The same LGBT and Hetero erotica carried by print bookshops and published by trade publishers is not permitted in ebooks by Scribd. Simple erotica, not pornography–not permitted. They will accept ebooks about lust for food and murder, but not ebooks about sexual lust. Now what the hell is it that’s necessary for procreation and the birth of each new generation except sexual lust? And what argument can be made that when ebooks about food and cooking are acceptable but ebooks about sex and lust not acceptable–what argument can be made that such is NOT censorship. I think it was the writer Brigid Brophy who said that what the censors are afraid of is masturbation. Happy day! Can anyone make a rational argument that erotic romance, for example, as a fiction category, should be banned? To what purpose? To prevent masturbation? Every bookshop owner exercises censorship of some kind because they carry some kinds of books and not other kinds of books, so it’s not unsual. But censor the likes of Anais Nin? And censor erotic romance? Gee whiz…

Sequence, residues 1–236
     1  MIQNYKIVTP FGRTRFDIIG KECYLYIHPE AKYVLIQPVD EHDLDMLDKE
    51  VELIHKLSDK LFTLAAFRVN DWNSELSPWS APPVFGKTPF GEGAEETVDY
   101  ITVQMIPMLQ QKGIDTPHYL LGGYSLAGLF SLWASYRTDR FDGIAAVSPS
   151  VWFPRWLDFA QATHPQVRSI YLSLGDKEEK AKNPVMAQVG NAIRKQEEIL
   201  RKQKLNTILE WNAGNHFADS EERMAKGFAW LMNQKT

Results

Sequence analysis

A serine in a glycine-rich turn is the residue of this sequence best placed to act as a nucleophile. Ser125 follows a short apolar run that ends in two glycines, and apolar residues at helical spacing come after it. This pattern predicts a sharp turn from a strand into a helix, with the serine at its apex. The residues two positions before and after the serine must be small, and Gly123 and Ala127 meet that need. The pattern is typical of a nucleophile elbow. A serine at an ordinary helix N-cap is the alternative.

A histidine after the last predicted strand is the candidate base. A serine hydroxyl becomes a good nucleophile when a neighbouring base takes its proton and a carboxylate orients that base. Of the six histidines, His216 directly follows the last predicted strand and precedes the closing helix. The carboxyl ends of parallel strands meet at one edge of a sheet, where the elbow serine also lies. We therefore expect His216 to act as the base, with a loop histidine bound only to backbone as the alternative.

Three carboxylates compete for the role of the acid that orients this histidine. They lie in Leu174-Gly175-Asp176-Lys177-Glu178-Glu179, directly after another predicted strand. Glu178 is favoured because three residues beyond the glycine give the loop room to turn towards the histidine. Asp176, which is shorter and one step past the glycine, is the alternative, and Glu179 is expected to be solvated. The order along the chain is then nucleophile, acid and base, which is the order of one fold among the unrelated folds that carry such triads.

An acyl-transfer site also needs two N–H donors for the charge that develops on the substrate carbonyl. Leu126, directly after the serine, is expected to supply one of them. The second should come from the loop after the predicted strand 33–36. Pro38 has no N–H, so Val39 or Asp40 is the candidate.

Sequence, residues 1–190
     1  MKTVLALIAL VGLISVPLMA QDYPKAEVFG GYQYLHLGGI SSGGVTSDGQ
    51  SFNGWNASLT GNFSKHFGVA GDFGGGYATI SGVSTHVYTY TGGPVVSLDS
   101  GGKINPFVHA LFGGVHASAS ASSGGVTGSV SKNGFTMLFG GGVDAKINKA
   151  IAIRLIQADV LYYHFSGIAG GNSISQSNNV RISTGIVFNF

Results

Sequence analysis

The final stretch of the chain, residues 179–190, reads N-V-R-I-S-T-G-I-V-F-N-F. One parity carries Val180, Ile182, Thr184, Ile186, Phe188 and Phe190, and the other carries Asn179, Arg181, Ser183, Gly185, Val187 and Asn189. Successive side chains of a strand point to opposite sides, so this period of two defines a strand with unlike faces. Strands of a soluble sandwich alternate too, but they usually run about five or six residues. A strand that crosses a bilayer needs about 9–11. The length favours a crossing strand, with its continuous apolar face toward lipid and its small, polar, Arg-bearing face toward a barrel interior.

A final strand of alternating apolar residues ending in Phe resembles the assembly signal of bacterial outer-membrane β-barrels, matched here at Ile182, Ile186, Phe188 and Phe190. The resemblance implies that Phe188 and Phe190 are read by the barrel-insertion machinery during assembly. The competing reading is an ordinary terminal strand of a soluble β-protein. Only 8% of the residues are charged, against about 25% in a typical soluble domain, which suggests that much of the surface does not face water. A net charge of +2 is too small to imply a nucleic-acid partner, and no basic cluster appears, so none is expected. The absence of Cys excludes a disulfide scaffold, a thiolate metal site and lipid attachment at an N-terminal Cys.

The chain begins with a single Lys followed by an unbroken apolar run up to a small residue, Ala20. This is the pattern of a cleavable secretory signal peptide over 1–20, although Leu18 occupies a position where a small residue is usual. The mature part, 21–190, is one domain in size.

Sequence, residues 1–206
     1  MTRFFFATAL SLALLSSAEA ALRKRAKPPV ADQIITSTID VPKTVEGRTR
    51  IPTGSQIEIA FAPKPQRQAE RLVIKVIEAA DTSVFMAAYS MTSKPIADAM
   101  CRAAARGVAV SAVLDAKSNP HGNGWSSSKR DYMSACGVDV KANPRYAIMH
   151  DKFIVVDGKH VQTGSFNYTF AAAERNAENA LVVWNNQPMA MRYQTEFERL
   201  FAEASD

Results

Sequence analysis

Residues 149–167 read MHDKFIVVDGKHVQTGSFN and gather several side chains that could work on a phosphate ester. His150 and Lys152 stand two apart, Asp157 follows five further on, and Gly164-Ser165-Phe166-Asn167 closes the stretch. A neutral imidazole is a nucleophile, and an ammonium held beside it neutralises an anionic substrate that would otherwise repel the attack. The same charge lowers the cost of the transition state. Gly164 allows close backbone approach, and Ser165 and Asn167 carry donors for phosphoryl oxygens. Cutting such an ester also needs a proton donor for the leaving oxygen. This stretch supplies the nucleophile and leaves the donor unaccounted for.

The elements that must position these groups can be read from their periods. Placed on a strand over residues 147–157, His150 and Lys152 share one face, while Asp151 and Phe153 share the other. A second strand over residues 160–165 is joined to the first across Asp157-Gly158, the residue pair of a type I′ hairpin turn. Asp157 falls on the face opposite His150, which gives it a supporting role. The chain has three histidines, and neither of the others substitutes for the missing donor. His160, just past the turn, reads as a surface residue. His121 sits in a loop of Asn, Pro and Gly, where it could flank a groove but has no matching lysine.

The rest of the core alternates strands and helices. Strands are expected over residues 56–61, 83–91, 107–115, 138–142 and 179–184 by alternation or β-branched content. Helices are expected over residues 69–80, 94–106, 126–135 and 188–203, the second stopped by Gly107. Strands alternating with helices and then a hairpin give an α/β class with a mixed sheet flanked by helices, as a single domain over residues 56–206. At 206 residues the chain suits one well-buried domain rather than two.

Reply
        1. Juli Monroe13 January, 2015

          @Daniel, they have LGBT erotic romance. Scribd is where I read most of my m/m romance. I have several queued up in my Reading List right now. I haven’t looked for f/f, but I would guess they have it as well.

          Reply
          1. Daniel Vian13 January, 2015

            Is it not true that Smashwords and D2D will not accept erotica? If so, and there is no self-publishing platform at Scribd, how does self-published erotica get into Scribd? So maybe what Scribd does is publish only erotic romance already in print by big trade publishers. Hot dog! In any case, I will yield to you since you are a Scribd subcriber and I am not. For me the bottom line is that I have no interest in exchanging one set of gatekeepers for another set of gatekeepers—pardon me, “curators”. Keep in mind that James Joyce’s Ulysses, touted by some (including Random House) as the most important novel of the 20th century, was first self-published because no one would publish it except a woman who owned a little bookshop in Paris. Thumbs down on all the “curators” throughout history–including the likes of Scribd. When they are ready to be as brave as Amazon, maybe then they should be looked at.